Now back to ISIHAC, and some new dictionary definitions that tickled my fancy:
alter ego - a priest who's full of himself (Barry Cryer)
permits - cat-skin gloves (Graeme Garden)
tamper - what you take on a Yorkshire picnic (Barry Cryer)
shoddy - Big Ears' unkempt friend (Graeme Garden)
stifle - a home for a pig designed along the lines of a Paris landmark (Harry Hill)
gladiator - an unrepentant cannibal (Barry Cryer)
transcendental - to receive false teeth through the post from a drag act (Harry Hill)
Returning to Broadcasting House, and remembering why I don't actually hate the BBC (at least most of the time), Paddy O'Connell was in the New Forest and gave us one of those radio moments that radio listeners tend to treasure, however absurdly. The report was about some parliamentary-related fluff about the frivolous use of mobile phones, but Paddy was suddenly seized by a moment of beauty in the New Forest. 

To the entrancing accompaniment of many untalked-over recordings of the natural sounds he was hearing (running water, hoofs, ponies neighing), Paddy said (on location):
Four wild ponies are approaching the stream. The hoofs are crunching on the pebbles of this small stream, which is the colour of stewed tea. Four chestnut ponies, one, two, making their way through the stream. There's the third. They're all on the gravel now. The foal has a flash of white on his nose. It has one more to cross. Ears up, it's looking. Here we go. And there's a log across the stream and I'm going to try and cross it...scaring away two tiny fish...
He fell in. 

"The hoofs are crunching on the pebbles of this small stream, which is the colour of stewed tea." Now, that's good, isn't it? (Any passing English teachers, what would you grade that?)

BH also featured a profile of Vladimir Putin (featuring Ben Judah, European Stability Initiative; Sir Roderic Lyne, Chatham House; Lord Browne, former head of BP; and Angus Roxburgh, former PR advisor to the Russian government). It wasn't a particularly sympathetic portrait (to put it mildly), but we learned certain fascinating things about Bad Vlad (if true):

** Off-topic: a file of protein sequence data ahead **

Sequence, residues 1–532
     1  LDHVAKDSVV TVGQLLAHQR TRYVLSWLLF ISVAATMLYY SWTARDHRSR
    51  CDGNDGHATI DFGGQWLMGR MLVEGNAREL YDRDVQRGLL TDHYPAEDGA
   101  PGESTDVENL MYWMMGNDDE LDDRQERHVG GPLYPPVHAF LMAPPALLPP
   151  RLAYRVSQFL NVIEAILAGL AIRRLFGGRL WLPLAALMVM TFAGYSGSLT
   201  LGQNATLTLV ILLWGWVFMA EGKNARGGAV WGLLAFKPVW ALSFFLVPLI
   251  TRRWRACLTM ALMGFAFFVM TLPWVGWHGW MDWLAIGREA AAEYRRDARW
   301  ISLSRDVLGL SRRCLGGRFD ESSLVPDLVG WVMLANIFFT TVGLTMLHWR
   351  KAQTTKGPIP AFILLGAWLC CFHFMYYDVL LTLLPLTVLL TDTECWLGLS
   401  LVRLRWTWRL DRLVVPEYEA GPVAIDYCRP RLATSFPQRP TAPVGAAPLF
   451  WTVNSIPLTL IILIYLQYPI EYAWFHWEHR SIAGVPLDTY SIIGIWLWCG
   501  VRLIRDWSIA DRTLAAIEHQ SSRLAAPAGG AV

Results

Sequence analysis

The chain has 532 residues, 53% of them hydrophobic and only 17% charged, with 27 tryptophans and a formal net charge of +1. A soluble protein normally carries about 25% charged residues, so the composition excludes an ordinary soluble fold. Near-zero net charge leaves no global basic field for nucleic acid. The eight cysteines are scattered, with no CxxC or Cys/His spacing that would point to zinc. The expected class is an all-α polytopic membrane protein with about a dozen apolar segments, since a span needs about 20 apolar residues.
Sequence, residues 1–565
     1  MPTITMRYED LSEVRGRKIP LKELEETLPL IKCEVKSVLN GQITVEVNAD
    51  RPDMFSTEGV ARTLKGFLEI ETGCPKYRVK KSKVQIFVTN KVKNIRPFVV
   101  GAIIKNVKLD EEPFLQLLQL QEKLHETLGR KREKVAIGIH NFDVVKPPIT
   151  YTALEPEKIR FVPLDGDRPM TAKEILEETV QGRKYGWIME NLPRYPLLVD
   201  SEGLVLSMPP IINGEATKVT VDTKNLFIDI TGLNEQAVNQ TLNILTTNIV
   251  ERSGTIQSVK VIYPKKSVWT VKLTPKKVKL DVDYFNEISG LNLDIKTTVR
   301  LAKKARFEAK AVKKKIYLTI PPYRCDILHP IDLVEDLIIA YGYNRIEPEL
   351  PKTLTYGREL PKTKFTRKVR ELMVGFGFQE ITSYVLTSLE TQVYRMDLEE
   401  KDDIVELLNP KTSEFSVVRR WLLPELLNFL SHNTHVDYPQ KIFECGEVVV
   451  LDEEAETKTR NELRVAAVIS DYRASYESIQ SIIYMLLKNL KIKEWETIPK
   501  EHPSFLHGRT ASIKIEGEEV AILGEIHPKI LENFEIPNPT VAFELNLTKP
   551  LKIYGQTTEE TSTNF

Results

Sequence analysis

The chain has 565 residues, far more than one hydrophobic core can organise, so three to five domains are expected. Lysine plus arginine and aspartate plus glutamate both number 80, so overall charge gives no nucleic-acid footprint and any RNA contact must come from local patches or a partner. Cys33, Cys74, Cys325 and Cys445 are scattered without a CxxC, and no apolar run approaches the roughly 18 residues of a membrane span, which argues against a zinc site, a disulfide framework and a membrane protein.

• He always has cottage cheese for breakfast. 
  • He once brought his dog, Connie, into a meeting with Angela Merkel, knowing that Frau Merkel is scared of dogs in order to intimidate her.
  • He rarely uses computers and the internet, preferring paper. (Safer).
  • Russian ministers have to wait for three to four hours to see him. No one dares to contradict him. 
  • His daughters are a state secret, living far from Moscow, probably abroad. 
  • He never forgets a slight, such as that by former Georgian president Mikheil Saakashvili, who (because of his height) used to call him 'LiliPutin'. (It didn't end well for Georgia).
  • When he stood next to much taller foreign leaders (like Tony Blair), he'd have the lecterns put far apart to avoid comparison.
  • He's isolated, trapped.

As Mr Putin never forgets a slight (according to this profile), a polonium-tipped umbrella might well be wending its way to Broadcasting House as we speak. 

The paper review featured booted-out Radio 5 Live presenter Shelagh Fogarty, booted-out Tory MP Giles Brandreth and unbooted-out Artistic Director of the Petworth Arts Festival Stewart Collins. 

We heard about apps relaying WW1 poet Wilfred Owen's verses (the most famous being written in hospital whilst suffering from shell-shock), which prompted Giles to read some other poetry, concerning the 4/5 of couples apparently seeking financial contributions to their weddings:
Do come to our wedding bash.
Show your love in cheques and cash.
Just use the bank details at the end of this ditty,
And you can still contribute to our kitchen kitty.
Giles, in the event of the death of a pet poet, wrote his own verse - "the shortest poem in the history of world literature":
Stewart rejoindered with a short family grace before meals:
Heavenly Pa,
Now, that's my kind of paper review!

Finally, before I down a late-evening salad full of rocket (freshly supplied by Hamas), some suggestions for titles of films like to prove popular with an audience of dog-lovers from the cast of ISIHAC:
Tales of King Arthur and his knights in 'Winalot' (Graeme Garden)
Hawaii Fi-Do (Barry Cryer)
When Harry Sniffed Sally (Tim Brooke-Taylor)
The Postman Always Tastes Nice (Barry Cryer)
Five Easy Faeces (Tim Brooke-Taylor)
Arselick and Old Lace (Barry Cryer)
Bring Me the Lead of Alfredo Garcia (Barry Cryer Graeme Garden)
Altogether now...



  1. This isn't exactly a mistranslation, more a case of confused idiom, but I'd still like to share it. In a book I edited recently, the author (whose first language was not English) referred to "the pink elephant in the room".

  2. What a joy to read.
    Forgot that this treasure of a programme was back.
    Barry Cryer is the last of the greats...he really is!
    Thanks for putting this up-will be listening Sunday!